Lacy Hunt takes on the widespread belief that sustained inflation is on the way in his latest quarterly review...
Hoisington Quarterly Review and Outlook 2nd Quarter 2021
Here are some snips to the latest at Hoisington Management Quarterly Review (Emphasis Mine).
Too Much Debt
In highly indebted economies, additional debt triggers the law of diminishing returns. This fact is confirmed when the marginal revenue product of debt (MRP) falls, where MRP is the amount of GDP created by an additional dollar of debt. In microeconomics, when debt is already at extreme levels, a further increase in debt leads to an increase in the risk premium on which a borrower will default suggesting that the bank or other lender will not be repaid.
Combining both the falling MRP with a declining loan to deposit (LD) ratio, results in a reduction in the velocity of money. In terms of the impact on monetary activities, a drop in the LD ratio means that more of bank deposits are being directed to the purchase of Federal, Agency and state and local securities in lieu of private sector loans. The macroeconomic result is that funds are shifted to sectors that are the least productive engines of economic growth and away from the high multiplier ones.
More than thirty years ago, Stanford Ph.D. Rod McKnew demonstrated that the money multiplier, referred to as “m”, is higher for bank loans than bank investments in securities. The money multiplier, which is money stock (M2) divided by the monetary base should not be confused with the velocity of money. The latest trends strongly support McKnew’s analysis.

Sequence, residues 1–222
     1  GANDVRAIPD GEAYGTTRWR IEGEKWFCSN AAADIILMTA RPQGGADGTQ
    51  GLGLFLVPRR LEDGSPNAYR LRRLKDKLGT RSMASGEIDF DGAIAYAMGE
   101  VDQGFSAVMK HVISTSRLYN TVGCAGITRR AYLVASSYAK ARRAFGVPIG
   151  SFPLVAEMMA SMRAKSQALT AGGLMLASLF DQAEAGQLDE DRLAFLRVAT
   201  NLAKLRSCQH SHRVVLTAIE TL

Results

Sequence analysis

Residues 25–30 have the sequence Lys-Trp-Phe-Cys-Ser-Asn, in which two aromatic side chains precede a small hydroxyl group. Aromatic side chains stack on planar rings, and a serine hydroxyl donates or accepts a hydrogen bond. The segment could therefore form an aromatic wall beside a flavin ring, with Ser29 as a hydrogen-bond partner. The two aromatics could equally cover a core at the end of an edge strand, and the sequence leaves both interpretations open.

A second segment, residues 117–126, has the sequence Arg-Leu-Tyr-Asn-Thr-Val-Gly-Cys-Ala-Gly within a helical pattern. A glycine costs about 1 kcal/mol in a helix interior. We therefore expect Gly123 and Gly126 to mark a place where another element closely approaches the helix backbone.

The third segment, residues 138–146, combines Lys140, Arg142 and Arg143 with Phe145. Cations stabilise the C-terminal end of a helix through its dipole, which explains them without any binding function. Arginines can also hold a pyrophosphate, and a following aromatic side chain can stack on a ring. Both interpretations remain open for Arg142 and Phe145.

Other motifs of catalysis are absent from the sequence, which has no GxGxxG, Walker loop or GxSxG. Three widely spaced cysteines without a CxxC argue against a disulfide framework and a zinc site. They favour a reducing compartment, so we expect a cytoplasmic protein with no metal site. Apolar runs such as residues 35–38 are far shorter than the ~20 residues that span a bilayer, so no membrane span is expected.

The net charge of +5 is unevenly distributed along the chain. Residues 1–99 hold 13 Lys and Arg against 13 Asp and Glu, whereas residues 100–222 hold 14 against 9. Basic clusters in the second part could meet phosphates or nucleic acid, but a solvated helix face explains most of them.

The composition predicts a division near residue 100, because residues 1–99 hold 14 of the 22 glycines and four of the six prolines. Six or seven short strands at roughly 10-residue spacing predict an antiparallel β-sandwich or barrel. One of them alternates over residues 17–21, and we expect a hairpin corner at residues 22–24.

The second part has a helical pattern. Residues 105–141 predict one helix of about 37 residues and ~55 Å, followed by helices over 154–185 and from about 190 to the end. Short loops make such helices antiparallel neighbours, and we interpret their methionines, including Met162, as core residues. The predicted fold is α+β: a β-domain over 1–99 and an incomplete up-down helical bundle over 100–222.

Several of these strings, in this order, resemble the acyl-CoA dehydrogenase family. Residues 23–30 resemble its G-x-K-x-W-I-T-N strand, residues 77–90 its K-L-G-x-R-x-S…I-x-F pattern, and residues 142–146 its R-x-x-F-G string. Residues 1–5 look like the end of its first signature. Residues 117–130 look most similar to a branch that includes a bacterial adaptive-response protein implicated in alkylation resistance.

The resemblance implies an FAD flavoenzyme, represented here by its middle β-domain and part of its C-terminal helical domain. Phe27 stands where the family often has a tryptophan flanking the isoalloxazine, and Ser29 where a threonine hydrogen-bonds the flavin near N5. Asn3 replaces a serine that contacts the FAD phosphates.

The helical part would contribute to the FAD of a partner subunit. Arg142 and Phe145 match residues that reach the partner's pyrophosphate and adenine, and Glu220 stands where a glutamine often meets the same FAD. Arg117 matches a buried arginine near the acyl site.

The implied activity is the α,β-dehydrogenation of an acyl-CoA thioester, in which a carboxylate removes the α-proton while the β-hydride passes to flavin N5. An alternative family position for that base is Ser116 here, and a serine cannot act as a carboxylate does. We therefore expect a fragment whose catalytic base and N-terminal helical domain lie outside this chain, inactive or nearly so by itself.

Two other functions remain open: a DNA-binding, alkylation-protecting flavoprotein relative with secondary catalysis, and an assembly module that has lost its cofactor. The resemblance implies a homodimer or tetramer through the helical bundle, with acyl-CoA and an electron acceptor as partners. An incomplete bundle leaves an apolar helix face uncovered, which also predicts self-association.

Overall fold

In June, after the 2021 unparalleled monetary and fiscal actions, m is estimated to be 3.2 in the second quarter, less than one-half its post 1952 average of 7.7, and just barely above the all-time low. [Mish comment: This money multiplier theory has nothing to do with the widespread (and false) belief that money gets redeposited and re-lent over and over 10 times.]
The benefit of the debt financed fiscal operation goes away under the weight of the debt. First, there is the evidence of diminished returns, which is derived from the overuse of a factor of production, which is the same as saying the government debt financed multiplier is negative. In other words, one dollar of government debt financed operations, at the end of the day, will reduce GDP by more than a dollar, therefore, the economy is worse off. Increasing deficits in an over indebted economy slows growth after a brief transitory acceleration.
There is an assertion that whenever the Fed creates reserves (i.e., Fed liabilities), banks can be counted on to put those reserves to use since they are like a “hot potato.” The decision by a bank to reach an agreement with a private sector borrower is a much more intricate process in which the risk premium is at the core.
Two of the greatest monetary economists were Irving Fisher and Milton Friedman. Friedman, whose statistical work was based on the time period from the early 1950s until the early 1980s, believed money velocity was stable, although not constant. During that span he was correct, however, due to archival research that resulted over a much longer time period of data, Friedman’s view is not correct. Fisher, working with less data than Friedman and far fewer resources than are available today, did not share Friedman’s critical assumption.
Fisher originally believed that velocity was stable, however, as more evidence became available he wrote, in a 1933 article in Econometrica, that velocity declines in highly indebted economies. The research presented in this article is consistent with Fisher’s view that debt is an increase in current spending in exchange for a decline in future spending unless the debt generates an income stream to repay principal and interest. Thus, Fisher is correct.